Sonoma County clarifies health order to allow 50 spectators at indoor events

“The health order was necessary when COVID-19 cases were spiking in the community, and it helped us bend the curve,” said Mase

With COVID-19 cases declining from a recent surge, Sonoma County Health Officer Sundari Mase, M.D., today clarified a recent health order that limited indoor public events to 50 people. As of today, indoor events can include 50 spectators. The total number of attendees does not include staff involved with the event, media, players or performers.

Mase said the Jan. 10 health order, which also limits outdoor gatherings to 100 people where social distancing can not be accommodated, helped to reduce Sonoma County’s case rate from a record high of nearly 250 new cases per day per 100,000 residents to 199 new cases per day today.

“The health order was necessary when COVID-19 cases were spiking in the community, and it helped us bend the curve,” said Mase. “Allowing 50 spectators to attend indoor events along with the performers, players and staff will not significantly impact our case rate at this time.”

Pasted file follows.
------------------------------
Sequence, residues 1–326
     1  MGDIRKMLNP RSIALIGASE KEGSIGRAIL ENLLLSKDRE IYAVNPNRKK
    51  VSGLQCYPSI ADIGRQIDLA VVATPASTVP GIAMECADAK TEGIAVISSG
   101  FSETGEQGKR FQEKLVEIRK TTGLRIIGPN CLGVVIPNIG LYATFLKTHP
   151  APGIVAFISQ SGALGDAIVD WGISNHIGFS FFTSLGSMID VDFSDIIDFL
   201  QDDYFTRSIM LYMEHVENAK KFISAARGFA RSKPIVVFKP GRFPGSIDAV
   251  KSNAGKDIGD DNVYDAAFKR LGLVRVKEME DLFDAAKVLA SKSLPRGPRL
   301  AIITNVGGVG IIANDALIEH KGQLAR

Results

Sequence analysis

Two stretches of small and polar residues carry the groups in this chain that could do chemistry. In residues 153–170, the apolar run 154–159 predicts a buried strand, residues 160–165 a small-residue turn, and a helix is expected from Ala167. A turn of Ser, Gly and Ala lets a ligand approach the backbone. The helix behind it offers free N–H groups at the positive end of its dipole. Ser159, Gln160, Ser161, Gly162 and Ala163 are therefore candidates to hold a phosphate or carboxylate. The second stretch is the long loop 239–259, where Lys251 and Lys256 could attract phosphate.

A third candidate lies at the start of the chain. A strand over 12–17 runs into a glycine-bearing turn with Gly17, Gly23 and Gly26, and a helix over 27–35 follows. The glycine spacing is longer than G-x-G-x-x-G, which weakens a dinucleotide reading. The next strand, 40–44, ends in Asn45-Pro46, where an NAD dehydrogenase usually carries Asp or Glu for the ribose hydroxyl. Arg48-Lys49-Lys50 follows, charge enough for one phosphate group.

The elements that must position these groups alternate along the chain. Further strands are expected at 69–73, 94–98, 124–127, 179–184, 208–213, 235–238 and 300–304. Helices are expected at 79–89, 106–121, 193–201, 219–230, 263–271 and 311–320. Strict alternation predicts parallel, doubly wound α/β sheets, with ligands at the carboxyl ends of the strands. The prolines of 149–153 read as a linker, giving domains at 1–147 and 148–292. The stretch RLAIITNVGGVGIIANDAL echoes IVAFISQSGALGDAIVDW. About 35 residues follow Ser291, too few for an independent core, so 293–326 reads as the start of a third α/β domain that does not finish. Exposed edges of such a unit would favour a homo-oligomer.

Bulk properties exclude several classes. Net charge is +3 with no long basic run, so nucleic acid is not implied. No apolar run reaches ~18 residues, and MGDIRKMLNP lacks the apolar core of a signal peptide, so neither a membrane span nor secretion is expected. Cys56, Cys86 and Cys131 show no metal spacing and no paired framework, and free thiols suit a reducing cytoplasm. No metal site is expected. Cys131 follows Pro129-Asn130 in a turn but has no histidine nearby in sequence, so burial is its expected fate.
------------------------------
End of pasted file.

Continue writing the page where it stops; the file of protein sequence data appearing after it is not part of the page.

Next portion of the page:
The health order is due to expire at 11:59 p.m. on Feb. 10. Mase said that hospitalizations have plateaued since the order went into effect, and she noted that other Bay Area counties are seeing a similar trend.

Spectators at indoor events are still required to follow other health orders, including the requirement to wear face coverings.
On another front, Mase today announced she will extend a Feb. 1 deadline for workers in some high-risk occupations—including employers of law enforcement, fire, emergency medical services, pharmacies, dental offices, operators of temporary disaster shelters in Sonoma County, as well as public and private schools serving students in transitional kindergarten through grade 12—to undergo twice-weekly testing if they have not submitted proof they have received a COVID-19 booster shot, if eligible for one. The deadline for the testing requirement will be extended to March 1 or until the current shortage of COVID-19 tests is alleviated. Employees must still submit proof they have received a booster, if eligible for one, by Feb. 1. If these employees are unvaccinated or unboosted, they must wear a surgical or respirator mask in indoor work settings, beginning Feb. 1. Details of the amended health order will be posted Friday on

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